Q: After seeing the Cleveland trade pieces, isn’t it obvious that Danny Ainge was sticking it to Pat Riley? – Bob, Boca Raton.
A: No, it is not. Cleveland picks in recent years, and especially in recent non-LeBron James years (with 2022 an exception), have come relatively high in the draft. That also helps in potential pick swaps. Heat picks have been mid-to-late in the first round. In some ways, prioritizing Cleveland’s pool of picks is somewhat of a compliment from Danny Ainge for what Pat Riley has sustained with the Heat. In fact, if Ainge actually discarded any potential Heat option because of animus toward Riley then he would not only be doing a disservice to the Jazz but operating in an irresponsible manner for an NBA executive. You don’t summarily rule out options because of being told at one point to STFU. And, yes, the Celtics made trades with the Heat while Ainge was in charge in Boston.
Q: Caleb Martin is definitely a defensive downgrade from P.J. Tucker, not to mention as a 3-point shooter. And when he comes out, who takes his defensive role? I see a lot of zone defense necessary this season. – Joel, Fort Lauderdale.
A: Even beyond Caleb Martin, you can make an argument for an ample number of plus defenders for the Heat, from Bam Adebayo to Jimmy Butler to Victor Oladipo to Kyle Lowry. That’s not a bad place to start.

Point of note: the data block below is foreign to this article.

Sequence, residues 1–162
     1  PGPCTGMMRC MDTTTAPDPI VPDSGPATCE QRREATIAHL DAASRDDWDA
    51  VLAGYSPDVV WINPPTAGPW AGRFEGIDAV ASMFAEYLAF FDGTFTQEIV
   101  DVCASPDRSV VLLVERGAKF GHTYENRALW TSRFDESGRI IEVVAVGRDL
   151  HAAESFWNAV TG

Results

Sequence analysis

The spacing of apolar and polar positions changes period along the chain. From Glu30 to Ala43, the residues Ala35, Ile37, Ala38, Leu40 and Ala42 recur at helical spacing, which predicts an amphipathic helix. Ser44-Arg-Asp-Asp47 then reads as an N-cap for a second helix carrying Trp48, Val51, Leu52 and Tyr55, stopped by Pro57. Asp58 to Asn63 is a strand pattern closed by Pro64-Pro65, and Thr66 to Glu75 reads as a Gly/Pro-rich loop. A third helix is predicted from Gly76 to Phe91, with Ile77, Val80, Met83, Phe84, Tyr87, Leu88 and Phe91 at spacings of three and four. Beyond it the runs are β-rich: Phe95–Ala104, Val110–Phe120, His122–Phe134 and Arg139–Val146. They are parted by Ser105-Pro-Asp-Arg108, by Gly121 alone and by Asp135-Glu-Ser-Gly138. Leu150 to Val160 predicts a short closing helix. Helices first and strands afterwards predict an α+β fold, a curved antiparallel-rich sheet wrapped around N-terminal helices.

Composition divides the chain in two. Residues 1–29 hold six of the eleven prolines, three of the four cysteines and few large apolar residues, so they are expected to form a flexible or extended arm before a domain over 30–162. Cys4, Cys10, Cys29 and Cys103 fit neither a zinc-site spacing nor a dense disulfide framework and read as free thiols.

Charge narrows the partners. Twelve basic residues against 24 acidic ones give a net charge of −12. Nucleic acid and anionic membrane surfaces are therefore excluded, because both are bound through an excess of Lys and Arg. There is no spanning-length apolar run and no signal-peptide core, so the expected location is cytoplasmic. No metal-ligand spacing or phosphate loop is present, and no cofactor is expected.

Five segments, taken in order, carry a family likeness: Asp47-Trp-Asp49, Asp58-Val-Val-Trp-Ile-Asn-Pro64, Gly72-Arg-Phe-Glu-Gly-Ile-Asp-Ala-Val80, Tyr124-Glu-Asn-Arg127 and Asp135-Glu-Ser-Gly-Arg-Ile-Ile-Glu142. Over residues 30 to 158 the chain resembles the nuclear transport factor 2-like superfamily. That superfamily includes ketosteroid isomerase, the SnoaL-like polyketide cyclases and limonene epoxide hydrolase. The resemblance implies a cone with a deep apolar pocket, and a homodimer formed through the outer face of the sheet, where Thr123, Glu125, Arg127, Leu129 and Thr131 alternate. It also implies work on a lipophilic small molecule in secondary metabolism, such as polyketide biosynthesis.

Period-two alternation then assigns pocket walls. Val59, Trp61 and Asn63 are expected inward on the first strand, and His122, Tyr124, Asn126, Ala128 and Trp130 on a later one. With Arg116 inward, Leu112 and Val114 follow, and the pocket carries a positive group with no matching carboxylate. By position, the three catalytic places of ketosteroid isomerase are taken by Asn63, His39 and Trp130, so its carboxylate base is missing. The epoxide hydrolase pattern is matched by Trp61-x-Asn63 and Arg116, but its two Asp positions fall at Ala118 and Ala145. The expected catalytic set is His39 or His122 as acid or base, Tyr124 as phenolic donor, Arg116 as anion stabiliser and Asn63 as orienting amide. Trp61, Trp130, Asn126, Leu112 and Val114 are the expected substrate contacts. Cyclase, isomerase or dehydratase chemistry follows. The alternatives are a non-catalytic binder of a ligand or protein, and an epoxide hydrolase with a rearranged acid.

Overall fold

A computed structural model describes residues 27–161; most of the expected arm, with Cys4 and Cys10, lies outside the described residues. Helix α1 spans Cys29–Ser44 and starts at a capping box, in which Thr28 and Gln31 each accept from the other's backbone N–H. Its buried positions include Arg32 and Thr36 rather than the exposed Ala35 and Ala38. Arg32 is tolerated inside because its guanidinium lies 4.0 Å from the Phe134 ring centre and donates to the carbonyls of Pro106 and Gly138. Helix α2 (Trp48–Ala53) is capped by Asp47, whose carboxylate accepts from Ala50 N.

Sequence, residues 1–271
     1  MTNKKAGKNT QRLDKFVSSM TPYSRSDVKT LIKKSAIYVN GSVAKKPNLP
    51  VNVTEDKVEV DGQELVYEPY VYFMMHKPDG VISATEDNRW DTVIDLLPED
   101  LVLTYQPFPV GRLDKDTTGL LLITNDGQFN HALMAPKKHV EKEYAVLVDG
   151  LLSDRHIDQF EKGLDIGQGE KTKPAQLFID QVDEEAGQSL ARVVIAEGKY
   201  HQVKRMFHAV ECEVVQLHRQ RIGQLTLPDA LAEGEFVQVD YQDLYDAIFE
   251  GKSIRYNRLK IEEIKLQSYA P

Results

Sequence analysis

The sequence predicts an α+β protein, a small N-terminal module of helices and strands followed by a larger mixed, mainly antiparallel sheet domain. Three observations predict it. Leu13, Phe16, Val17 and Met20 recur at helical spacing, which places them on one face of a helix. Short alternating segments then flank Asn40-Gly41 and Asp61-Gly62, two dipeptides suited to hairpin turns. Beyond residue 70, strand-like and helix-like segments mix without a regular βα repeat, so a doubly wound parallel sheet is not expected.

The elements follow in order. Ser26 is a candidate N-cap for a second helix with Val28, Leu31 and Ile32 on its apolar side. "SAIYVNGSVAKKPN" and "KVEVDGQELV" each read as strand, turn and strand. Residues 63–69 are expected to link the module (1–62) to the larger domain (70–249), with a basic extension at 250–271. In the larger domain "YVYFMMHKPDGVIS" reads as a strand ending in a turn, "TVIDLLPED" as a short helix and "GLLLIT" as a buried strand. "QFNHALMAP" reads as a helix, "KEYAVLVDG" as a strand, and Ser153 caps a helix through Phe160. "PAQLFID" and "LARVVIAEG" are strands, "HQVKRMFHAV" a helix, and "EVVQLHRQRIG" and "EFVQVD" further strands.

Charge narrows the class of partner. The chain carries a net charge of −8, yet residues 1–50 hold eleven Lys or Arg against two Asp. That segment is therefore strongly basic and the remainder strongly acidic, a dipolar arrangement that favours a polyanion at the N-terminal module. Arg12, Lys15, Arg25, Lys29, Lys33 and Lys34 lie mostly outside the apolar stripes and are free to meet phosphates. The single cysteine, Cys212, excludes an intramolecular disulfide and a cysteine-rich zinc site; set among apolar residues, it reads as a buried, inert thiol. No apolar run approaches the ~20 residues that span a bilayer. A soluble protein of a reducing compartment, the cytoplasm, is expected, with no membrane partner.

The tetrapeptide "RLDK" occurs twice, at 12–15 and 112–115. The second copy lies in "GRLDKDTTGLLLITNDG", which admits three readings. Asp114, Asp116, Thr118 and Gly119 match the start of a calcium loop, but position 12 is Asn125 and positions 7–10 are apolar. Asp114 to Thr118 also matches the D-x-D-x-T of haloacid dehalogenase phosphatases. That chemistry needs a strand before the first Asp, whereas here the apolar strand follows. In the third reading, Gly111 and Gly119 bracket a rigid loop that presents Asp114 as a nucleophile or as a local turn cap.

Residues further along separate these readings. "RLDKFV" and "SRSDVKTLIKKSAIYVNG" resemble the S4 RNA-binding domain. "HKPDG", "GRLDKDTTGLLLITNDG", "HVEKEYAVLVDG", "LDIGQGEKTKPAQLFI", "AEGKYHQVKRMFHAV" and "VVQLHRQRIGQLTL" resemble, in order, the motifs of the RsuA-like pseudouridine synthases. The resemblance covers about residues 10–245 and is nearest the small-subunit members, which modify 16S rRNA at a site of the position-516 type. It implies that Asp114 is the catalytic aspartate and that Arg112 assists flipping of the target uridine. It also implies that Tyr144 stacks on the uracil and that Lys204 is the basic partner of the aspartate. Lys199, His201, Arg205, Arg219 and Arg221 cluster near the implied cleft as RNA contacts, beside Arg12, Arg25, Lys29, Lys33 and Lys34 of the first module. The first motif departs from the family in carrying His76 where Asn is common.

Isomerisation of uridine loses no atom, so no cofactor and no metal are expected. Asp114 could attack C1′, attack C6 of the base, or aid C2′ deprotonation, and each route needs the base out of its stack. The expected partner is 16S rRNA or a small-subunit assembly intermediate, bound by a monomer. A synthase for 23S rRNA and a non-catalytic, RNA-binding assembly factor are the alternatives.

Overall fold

Q: Too expensive. The Jazz were asking too much for Donovan Mitchell and found someone willing to overpay. Two good young players, three first-round picks and two swaps for Kevin Durant? Yes. For Mitchell? No. There is a difference between bold and desperate. The Heat stayed disciplined, and discipline is part of the Heat Culture that we like to brag about. – Bernardo, Fort Lauderdale.
A: It is heartening to see so many come around to a position of logic instead of desperation when it comes to this offseason’s trade market. Markets such as Minnesota, and Cleveland have little choice, with limited opportunities in free agency. The Heat, by contrast, have had elite players coming to them, including Jimmy Butler and Kyle Lowry in recent years. Yes, you pay when the ultimate score is available, such as LeBron James and Chris Bosh. But prudence also is part of long-term success.